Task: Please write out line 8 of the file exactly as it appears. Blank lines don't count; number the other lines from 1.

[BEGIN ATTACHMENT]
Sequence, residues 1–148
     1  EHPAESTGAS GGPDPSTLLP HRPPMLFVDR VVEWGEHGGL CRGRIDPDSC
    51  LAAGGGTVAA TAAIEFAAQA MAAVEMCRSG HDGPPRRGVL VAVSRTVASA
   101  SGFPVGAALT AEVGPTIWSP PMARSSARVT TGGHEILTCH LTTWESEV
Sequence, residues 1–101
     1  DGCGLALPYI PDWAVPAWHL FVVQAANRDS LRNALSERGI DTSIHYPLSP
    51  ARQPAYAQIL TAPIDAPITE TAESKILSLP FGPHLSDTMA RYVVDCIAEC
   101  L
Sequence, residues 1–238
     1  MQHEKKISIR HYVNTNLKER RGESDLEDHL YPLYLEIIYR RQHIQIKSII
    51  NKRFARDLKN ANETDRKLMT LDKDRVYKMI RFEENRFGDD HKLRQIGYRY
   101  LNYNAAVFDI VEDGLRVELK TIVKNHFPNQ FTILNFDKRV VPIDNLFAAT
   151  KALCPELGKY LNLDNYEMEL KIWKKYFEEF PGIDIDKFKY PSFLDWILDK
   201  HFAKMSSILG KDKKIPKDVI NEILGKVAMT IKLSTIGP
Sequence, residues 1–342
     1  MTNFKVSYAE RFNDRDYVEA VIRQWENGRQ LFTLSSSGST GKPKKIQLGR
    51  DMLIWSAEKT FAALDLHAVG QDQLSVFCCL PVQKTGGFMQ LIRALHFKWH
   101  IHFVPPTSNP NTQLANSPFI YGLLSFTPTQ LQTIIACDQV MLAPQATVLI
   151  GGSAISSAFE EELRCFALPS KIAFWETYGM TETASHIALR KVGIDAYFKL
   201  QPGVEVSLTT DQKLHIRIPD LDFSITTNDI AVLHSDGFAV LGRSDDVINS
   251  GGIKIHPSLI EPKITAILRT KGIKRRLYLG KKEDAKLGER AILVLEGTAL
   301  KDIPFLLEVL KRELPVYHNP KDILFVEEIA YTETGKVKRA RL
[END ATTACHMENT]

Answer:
   101  L